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In Charlotte, Florence Downs Trees, Power Lines But No Widespread Damage

Steve Harrison / WFAE
A toppled tree on a house on Queens Road in Charlotte.

The heaviest rainfall from Tropical Depression Florence may be over for the Charlotte region. Even though the rain is likely to taper off Sunday night, rivers are expected to crest later in the week. There are downed trees and power lines scattered throughout Charlotte, but there’s not widespread damage from wind or rain.

In Steele Creek in southwest Charlotte, which doesn’t have a large tree canopy, there were few fallen limbs. The area looked as though a normal summer rainstorm had passed through.

Credit Steve Harrison / WFAE
Downed Power Line on Shopton Road in Charlotte, North Carolina.

But Shopton Road was closed because of a down power line. Shopton was one of 18 roads closed throughout Mecklenburg County due to downed power lines, trees or water.

At 3:30 p.m. Sunday, Capt. Rob Cannon of the Charlotte Fire Department believed the worst was over.

“I think we’re closing in on that,” Cannon said. “The weather forecast had reported that the heaviest rain was around was around 2 p.m., and we saw that.  Now, it’s 3:15 p.m. and when I look out the window, the rain has decreased. They are calling for it to decrease for the rest of the weekend.”

Cannon said south Mecklenburg had received about 10 inches of rain, compared with about 4 inches in the northern part of the county.

He said flooding can still be a problem, even after rain ends.

“Even though the rain may be slacking off and you may see water not as high as it was maybe 2 hours ago, it’s still very dangerous,” Cannon said.

At North Tryon and 16th Street, there had been 3 or 4 feet of water earlier in the day. The water was mostly gone Sunday afternoon.

Credit Steve Harrison / WFAE
Lucas Picon took a skim board to the muddy waters in Myers Park.

There were Duke Energy crews throughout the city, working to restore power. At the Blackhawk Hardware in the Park Road Shopping Center in south Charlotte, employee Vicki Coggin said people without power were looking for batteries.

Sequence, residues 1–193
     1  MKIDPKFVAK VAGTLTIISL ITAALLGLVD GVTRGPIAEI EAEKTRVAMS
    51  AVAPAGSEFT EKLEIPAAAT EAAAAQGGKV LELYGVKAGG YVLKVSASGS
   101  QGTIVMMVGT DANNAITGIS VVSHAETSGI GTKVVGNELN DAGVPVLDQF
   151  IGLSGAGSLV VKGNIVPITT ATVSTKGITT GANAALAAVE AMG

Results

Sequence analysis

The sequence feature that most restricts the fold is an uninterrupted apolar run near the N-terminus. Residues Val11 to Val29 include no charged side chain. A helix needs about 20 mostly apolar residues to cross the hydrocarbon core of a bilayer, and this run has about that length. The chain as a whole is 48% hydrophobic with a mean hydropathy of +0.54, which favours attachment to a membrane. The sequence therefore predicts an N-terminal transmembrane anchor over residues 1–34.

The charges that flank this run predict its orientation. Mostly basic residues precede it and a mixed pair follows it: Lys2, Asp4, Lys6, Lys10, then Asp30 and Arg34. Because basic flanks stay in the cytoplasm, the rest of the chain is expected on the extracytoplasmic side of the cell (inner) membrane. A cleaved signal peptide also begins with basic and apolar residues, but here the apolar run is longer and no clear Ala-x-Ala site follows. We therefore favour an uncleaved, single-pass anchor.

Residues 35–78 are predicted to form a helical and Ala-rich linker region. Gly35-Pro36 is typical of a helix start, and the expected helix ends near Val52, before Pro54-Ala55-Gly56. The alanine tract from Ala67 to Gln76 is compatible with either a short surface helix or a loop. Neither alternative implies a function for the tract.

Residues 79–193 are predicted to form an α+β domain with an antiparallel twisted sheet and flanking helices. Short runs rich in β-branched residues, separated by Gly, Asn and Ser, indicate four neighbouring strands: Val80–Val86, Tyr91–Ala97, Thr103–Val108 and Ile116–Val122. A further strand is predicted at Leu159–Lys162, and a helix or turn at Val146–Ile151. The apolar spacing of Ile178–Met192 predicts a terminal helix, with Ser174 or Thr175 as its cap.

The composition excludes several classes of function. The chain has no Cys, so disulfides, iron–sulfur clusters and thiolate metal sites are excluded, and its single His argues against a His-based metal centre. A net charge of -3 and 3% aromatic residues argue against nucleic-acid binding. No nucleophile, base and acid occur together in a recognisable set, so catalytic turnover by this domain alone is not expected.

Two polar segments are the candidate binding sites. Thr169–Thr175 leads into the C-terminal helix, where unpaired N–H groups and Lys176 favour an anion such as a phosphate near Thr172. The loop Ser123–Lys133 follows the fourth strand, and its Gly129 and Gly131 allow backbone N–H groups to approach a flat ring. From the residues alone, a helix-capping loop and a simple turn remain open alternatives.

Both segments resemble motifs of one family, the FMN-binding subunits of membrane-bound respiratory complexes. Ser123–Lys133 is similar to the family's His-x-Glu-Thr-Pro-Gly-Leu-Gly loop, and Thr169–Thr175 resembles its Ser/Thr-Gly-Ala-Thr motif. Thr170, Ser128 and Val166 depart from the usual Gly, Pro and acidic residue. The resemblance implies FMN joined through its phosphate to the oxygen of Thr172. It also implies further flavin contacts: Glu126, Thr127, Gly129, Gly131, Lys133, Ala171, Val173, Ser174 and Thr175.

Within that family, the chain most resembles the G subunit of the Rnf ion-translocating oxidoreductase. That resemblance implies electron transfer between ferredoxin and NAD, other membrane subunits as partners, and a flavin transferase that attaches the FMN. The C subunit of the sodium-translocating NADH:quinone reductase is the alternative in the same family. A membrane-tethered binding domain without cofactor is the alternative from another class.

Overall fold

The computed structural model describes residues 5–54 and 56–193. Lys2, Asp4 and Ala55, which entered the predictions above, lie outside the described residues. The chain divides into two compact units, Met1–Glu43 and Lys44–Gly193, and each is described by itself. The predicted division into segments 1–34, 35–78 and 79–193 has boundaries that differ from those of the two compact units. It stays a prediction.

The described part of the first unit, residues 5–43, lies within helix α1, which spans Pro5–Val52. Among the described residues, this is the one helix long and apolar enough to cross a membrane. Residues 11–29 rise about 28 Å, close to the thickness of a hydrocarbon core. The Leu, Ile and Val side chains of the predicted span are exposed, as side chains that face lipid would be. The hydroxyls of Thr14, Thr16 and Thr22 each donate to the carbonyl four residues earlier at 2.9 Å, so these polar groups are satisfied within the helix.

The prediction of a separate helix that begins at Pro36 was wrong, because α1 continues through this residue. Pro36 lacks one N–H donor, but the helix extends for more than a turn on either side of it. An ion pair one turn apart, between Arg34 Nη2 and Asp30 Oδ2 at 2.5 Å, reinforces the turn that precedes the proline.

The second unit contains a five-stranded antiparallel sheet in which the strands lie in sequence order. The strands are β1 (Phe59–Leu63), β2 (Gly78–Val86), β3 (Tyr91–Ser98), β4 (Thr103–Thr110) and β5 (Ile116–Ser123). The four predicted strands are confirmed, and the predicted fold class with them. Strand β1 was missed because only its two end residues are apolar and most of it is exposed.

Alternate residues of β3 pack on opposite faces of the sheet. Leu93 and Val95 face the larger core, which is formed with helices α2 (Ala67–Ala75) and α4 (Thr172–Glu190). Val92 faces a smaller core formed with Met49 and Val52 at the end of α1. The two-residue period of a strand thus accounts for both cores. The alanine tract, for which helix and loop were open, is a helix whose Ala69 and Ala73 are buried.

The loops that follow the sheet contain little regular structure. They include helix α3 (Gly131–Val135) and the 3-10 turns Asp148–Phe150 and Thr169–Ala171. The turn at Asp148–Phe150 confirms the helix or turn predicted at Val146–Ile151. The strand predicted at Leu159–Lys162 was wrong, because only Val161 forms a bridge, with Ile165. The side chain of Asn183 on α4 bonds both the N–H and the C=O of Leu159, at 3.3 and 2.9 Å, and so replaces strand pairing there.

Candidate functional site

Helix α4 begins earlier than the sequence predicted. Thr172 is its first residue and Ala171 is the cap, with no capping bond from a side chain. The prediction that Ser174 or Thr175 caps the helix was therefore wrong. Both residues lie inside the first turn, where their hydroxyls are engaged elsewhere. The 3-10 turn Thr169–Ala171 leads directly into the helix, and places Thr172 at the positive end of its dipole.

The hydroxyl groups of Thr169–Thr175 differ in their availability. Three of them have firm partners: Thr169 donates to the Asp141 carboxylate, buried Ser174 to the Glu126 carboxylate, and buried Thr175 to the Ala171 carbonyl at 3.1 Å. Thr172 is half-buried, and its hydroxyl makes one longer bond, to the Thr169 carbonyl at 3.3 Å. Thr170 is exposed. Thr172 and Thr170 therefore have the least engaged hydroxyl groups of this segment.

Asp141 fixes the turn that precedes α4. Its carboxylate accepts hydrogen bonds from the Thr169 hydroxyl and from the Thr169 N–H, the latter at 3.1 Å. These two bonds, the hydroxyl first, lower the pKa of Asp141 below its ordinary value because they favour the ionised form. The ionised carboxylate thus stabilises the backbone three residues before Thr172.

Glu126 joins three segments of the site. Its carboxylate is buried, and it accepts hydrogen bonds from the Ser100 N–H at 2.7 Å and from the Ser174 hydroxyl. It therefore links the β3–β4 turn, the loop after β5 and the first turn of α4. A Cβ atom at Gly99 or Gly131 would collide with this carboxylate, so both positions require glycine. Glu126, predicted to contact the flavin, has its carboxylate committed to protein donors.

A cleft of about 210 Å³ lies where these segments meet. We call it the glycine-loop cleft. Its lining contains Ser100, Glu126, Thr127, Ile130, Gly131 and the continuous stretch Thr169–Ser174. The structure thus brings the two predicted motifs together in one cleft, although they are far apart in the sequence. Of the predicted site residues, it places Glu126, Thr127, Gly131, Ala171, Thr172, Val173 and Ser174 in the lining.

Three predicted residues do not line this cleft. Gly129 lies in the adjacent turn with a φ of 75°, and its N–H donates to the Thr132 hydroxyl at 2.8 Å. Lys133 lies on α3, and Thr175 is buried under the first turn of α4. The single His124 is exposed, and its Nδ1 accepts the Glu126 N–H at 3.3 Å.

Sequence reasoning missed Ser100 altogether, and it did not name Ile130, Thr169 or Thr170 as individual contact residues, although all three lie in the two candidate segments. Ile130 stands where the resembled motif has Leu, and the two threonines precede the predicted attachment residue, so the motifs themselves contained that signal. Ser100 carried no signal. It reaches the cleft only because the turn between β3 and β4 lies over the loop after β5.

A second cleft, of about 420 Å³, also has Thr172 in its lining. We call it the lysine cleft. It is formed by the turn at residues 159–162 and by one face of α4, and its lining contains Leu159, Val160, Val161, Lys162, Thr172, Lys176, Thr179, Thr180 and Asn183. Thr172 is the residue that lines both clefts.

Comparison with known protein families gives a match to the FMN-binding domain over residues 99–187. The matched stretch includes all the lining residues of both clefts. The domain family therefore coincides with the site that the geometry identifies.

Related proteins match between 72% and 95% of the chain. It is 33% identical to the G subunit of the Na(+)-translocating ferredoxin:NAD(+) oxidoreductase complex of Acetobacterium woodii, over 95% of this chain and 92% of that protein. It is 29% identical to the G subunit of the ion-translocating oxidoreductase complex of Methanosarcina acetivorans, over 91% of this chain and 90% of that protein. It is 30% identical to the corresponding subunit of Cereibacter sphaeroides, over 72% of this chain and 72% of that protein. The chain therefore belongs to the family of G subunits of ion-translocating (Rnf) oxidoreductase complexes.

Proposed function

"Power’s going out now with the trees falling down, so of course they’re looking for flashlights and batteries that we don’t have," Coggin said. 

Closer into Charlotte’s center city, there were more signs of destruction.

The second-floor of a house on Queens Road West was crushed by a fallen oak tree.

Hanson Drive in Myers Park was closed, as an offshoot of Briar Creek had covered the road with a few feet of water.

High school student Lucas Picon took a skim board into the muddy waters Sunday.  

“Me and my friends took skim boards out,” Picon said. “We might as well. It’s flooded. Over here, I would say the deepest it got was four feet.”

Nearby, the Doral Apartments off Monroe Road were dry. Those apartments had significant flooding ten years ago from Briar Creek during Tropical Storm Fay. On Sunday, Briar Creek was raging, but floodwaters had not risen high enough to reach the apartments.

Credit Steve Harrison / WFAE
Some airlines began reopening their flights out of Charlotte-Douglas International Airport Sunday.

Amanda Freeman, who lives at the Doral, thought there would be more water.

“The storm hasn’t been as bad as I assumed it would get to honest,” Freeman said. “The winds are nowhere near as bad.”

Charlotte Douglas Airport was ramping up again, with American Airlines and other carriers restoring flights. At 11 a.m. Sunday, about half of American’s flights were cancelled or delayed. A number of flights were running as scheduled.